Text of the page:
This first video was taken during early September.  The bass moved up tight into 8-15 feet of water under a bright late summer full moon.  It was one of those nights I'll remember all winter.  Be sure to check out the full report by clicking here.

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Miss Loretta Videos

Here is a collection of videos from the past few seasons.  I'm hoping to improve video capabilities for 2012.  I'm thinking underwater cameras will be nice!

Until then I hope you enjoy these vids.  Just select a category from the drop down menu.  Be sure to check out accompanying fishing reports from when the videos were taken.

Tight lines,


Live Bait Fishing

Whether you are targeting stripers or tuna, fluke or bluefish, using live bait will almost always outproduce the fake stuff.  Enjoy browsing through these categories of live bait fishing, accessible via the drop down menu above.

As with each and every category on this blog, more posts and content will be added as time goes by.  If you'd like to see something in particular, then shoot me on over an email and I'll do my best to address your needs.

Good luck live baiting!


ASMFC Striped Bass Meeting: New Perspectives on Striped Bass Management

At a meeting in Boston yesterday morning, the Atlantic States Marine Fisheries Commision did not approve Addendum III, which could have  reduced striped bass fishing mortality by up to 40%.  If the Addendum had passed, recreational and commercial striped bass fishermen could have seen changes in size limits, bag limits and a reduction in the commercial quota as early as the 2012 fishing season.

I was at yesterday's meeting and I have to say that I was very impressed by what I saw and heard.  The statistics, opinions and theories proposed by members of ASMFC, scientists and the public proved very intriguing.

The first half of the meeting consisted of a power point presentation regarding the overall health of the striped bass stock.  According to the science, striped bass are currently not overfished and are not being overfished.  In other words, as the members of the commission put it, striped bass is a "green light" fishery.

With all the data and statistics presented at the meeting, I found it very easy to get bogged down by the numbers.  This age group of stripers is declining, this age group has leveled off etc.  Viewing the striped bass biomass through a "microscope" of sorts was interesting, however I learned just how difficult it is to make any sense of the numbers.

The reasons behind why the data is how it is are unclear, complex and hard to define-even for the experts.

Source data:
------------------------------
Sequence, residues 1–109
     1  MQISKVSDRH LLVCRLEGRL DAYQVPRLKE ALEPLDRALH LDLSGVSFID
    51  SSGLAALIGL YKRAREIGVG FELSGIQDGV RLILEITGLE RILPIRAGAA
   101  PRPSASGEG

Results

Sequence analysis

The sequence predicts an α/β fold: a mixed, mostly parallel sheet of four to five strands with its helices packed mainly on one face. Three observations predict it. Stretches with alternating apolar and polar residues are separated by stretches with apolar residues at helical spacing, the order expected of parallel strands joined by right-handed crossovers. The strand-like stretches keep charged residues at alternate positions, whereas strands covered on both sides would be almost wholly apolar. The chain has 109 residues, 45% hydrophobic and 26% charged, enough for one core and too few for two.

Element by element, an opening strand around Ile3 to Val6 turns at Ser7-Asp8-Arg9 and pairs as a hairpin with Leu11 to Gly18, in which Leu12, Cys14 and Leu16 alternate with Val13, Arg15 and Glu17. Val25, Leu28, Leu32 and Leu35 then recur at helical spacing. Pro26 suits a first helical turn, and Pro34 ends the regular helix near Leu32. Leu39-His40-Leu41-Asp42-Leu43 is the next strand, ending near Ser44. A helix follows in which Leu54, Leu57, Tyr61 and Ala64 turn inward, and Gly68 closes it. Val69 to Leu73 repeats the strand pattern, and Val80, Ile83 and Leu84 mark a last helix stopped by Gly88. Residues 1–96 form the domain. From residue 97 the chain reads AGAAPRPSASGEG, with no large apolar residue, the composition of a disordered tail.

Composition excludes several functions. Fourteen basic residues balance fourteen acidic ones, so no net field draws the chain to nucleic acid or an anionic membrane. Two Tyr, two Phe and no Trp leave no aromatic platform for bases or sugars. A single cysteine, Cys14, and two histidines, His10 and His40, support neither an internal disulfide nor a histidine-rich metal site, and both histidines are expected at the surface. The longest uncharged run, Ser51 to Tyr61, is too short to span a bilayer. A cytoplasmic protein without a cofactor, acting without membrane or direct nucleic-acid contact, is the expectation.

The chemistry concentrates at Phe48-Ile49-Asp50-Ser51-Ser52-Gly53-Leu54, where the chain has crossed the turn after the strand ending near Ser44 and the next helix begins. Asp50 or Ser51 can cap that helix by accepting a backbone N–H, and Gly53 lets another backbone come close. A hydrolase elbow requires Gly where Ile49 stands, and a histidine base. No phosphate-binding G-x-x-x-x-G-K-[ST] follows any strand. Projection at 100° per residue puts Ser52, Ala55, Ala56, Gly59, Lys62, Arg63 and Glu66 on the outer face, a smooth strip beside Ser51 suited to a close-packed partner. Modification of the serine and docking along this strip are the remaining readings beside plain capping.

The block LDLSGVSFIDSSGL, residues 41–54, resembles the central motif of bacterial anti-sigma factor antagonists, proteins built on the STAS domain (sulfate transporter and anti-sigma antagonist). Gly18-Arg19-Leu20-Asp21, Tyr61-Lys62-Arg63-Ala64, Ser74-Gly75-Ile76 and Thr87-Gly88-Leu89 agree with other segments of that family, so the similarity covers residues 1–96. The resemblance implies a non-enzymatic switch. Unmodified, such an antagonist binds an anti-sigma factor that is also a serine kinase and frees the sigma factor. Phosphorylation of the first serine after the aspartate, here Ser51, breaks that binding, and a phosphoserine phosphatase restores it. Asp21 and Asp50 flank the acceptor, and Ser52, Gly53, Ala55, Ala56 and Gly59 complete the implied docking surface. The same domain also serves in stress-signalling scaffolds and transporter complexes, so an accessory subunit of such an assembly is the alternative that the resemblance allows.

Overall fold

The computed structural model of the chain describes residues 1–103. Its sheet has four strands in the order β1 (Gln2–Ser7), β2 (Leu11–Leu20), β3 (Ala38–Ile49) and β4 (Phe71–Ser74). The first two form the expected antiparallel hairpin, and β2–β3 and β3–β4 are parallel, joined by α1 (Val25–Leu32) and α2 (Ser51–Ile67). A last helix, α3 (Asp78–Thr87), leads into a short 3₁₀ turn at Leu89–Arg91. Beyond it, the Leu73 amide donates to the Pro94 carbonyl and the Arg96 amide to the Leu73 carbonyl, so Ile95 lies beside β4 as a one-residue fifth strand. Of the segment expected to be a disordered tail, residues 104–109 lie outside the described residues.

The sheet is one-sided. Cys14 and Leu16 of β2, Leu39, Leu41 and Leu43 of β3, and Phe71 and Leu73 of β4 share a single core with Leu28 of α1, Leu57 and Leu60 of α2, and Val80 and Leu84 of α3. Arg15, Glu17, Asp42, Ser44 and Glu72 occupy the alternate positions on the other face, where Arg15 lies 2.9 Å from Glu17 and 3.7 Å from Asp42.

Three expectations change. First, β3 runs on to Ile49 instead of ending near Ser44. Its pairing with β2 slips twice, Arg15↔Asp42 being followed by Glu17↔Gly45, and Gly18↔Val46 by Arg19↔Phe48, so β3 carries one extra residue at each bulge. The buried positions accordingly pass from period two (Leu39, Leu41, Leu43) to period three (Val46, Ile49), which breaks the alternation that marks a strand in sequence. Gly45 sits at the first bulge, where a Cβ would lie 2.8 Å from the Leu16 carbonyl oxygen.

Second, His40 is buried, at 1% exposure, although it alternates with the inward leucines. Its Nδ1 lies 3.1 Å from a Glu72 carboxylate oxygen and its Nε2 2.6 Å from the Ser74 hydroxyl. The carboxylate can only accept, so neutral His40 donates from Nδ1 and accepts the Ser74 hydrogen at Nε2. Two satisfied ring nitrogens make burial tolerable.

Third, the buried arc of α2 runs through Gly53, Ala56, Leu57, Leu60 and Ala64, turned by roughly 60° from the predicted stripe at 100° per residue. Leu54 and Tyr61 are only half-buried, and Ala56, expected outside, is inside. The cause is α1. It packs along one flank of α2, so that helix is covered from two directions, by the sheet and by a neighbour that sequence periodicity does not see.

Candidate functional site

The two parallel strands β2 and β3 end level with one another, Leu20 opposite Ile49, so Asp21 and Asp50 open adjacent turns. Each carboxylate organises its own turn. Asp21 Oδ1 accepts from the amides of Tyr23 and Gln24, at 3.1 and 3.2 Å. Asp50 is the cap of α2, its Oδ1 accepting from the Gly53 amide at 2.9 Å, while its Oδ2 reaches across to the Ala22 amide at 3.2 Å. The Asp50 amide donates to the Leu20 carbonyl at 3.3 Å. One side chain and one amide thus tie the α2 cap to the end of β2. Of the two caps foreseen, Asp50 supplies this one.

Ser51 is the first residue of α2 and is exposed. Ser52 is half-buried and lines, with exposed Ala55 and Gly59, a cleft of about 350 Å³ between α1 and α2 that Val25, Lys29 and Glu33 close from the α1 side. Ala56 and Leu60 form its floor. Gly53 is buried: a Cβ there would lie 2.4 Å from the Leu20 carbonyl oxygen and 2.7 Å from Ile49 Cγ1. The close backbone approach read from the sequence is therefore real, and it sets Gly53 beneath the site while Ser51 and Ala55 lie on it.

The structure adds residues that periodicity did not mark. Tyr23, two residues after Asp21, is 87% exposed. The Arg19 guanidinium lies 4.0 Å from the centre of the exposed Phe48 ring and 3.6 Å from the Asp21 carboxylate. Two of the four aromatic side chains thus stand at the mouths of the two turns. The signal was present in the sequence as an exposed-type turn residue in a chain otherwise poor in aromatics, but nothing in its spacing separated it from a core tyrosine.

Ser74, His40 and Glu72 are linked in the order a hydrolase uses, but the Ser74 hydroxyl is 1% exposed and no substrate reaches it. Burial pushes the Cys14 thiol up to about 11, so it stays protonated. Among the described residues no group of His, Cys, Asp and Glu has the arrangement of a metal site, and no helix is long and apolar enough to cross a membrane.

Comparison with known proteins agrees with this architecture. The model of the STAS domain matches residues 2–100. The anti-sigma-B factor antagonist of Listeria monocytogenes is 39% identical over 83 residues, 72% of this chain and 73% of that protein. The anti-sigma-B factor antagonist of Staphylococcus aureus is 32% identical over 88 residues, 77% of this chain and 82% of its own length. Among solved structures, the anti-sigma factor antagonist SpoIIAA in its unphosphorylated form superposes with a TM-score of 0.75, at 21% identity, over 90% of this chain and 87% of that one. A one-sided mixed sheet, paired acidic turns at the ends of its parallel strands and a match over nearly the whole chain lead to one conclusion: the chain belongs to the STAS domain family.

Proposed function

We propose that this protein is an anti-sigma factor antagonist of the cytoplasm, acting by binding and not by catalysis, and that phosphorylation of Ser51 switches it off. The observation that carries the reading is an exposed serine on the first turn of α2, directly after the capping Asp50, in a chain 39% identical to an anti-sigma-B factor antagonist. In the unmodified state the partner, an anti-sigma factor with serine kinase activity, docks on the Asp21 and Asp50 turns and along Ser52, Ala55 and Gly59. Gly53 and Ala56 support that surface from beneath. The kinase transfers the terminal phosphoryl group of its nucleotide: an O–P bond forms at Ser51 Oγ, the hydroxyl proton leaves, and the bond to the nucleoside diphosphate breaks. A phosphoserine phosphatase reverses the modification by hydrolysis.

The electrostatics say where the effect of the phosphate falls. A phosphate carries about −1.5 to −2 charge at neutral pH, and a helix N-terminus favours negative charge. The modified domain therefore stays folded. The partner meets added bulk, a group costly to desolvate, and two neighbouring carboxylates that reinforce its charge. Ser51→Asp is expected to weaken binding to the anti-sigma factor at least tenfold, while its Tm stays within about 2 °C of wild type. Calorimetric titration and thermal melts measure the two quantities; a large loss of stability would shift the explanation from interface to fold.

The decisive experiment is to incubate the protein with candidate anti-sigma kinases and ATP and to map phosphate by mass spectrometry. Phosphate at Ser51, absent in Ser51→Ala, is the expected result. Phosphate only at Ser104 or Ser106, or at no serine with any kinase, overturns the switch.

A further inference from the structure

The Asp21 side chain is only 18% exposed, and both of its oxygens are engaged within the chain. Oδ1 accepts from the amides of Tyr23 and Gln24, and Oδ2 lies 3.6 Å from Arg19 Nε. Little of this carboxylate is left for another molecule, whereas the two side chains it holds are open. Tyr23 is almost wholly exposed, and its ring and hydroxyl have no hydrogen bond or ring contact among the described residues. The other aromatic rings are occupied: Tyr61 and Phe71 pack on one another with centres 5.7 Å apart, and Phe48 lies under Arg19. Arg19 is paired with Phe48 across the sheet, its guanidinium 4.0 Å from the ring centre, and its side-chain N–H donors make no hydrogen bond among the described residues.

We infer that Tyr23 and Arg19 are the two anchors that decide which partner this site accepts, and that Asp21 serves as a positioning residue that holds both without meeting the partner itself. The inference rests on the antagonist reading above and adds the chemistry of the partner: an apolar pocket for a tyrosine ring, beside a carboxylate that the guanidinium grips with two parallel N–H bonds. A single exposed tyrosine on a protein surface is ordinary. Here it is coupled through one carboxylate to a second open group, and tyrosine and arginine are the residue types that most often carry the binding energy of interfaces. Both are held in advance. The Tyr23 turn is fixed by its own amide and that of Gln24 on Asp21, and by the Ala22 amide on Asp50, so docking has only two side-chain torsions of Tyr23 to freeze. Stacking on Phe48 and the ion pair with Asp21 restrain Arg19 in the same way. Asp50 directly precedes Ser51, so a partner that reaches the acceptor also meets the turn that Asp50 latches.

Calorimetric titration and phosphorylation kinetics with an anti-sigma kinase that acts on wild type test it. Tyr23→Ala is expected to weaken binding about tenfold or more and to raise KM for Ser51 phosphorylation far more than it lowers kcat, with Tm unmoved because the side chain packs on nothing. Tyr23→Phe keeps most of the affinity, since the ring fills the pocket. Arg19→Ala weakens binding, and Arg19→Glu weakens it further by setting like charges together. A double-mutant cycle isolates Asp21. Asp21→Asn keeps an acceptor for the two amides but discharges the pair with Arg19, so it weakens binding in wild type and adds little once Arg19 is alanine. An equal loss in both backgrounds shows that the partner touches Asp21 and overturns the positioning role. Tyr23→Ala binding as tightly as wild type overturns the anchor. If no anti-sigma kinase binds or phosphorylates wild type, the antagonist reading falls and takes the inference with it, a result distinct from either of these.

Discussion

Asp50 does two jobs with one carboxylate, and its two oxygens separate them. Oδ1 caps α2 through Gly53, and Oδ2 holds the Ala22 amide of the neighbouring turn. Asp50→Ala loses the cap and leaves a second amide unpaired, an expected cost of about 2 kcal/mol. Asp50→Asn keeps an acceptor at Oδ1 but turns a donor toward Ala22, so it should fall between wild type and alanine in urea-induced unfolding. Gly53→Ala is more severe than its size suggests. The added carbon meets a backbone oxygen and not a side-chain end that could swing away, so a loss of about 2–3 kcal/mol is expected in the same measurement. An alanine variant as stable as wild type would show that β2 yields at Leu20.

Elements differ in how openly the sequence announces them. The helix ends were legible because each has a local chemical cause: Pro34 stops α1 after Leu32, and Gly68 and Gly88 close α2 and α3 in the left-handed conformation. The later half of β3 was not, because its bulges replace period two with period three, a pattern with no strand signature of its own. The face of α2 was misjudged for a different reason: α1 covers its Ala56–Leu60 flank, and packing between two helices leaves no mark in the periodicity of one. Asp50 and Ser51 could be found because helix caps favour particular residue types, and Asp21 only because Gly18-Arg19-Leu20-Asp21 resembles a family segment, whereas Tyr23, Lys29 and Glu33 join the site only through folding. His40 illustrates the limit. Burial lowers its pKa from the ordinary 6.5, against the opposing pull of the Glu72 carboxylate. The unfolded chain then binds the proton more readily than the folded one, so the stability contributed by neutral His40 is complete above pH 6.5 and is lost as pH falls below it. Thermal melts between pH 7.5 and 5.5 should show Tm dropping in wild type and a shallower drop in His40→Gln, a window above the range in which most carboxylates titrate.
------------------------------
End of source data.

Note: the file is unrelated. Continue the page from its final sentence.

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Do you want to learn how to catch BIG striped bass? Are those pictures of big fish at the bait shop driving you a little crazy?  Have you watched in disbelief as one or two guys caught big bass after big bass, and wondered what the heck they were doing different?


It's a well known fact that 90% of the fish are caught by 10% of the fishermen.  The problem is that traditionally, in order to become part of that 10%, you had to spend years upon years on the water fishing.


On top of all that, with all the different techniques, strategies and expensive equipment, learning how to consistently catch big stripers is today more complex and confusing than ever before.


Yet through the years, one simple method, using a $2 piece of tubing, has earned the title of one of the #1 producers of big striped bass.  It's called tube and worm trolling, and it has long been regarded as one of the easiest ways to consistently catch big striped bass.


If you are looking for one of the simplest, easiest to learn, and most effective ways to catch big striped bass, then trolling the trolling the tube and worm is your answer.


However learning how to properly fish the tube and worm does not happen overnight.  Anyone can catch a fish or two trolling the tube and worm, but few fishermen can consistently boat 20, 30 and 40 plus pound striped bass on the tube.  It usually takes years upon years of trial and error before you can expect to boat big bass with consistency.


Wouldn't it be nice to shorten the learning curve from years into days?


What if I told you that it is very possible to become an expert with the tube in as little as one season.  That it is possible to consistently catch big bass with the tube and worm by making a few minor adjustments to the gear, strategy and technique you already use.


Wouldn't it be nice to take the wife and kids out fishing, knowing that you will return home with a few striper fillets for the grill?


With the right resources, you can learn how to consistently catch big striped bass on the tube and worm.  The only guide you will ever need is right here, and I promise it will help you understand everything you need to know in order to consistently catch big striped bass with the tube and worm.


Even if you are an absolute novice, you can learn how to catch big striped bass by trolling the tube and worm in as little as one season.  I should know, because I was once in your shoes.